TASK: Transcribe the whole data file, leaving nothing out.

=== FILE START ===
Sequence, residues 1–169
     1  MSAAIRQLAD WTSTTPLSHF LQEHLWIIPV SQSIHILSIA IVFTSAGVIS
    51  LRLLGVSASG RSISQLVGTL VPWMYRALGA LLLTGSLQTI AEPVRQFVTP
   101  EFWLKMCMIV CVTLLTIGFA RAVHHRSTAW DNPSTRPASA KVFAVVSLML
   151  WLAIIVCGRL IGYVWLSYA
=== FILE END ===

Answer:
Sequence, residues 1–169
     1  MSAAIRQLAD WTSTTPLSHF LQEHLWIIPV SQSIHILSIA IVFTSAGVIS
    51  LRLLGVSASG RSISQLVGTL VPWMYRALGA LLLTGSLQTI AEPVRQFVTP
   101  EFWLKMCMIV CVTLLTIGFA RAVHHRSTAW DNPSTRPASA KVFAVVSLML
   151  WLAIIVCGRL IGYVWLSYA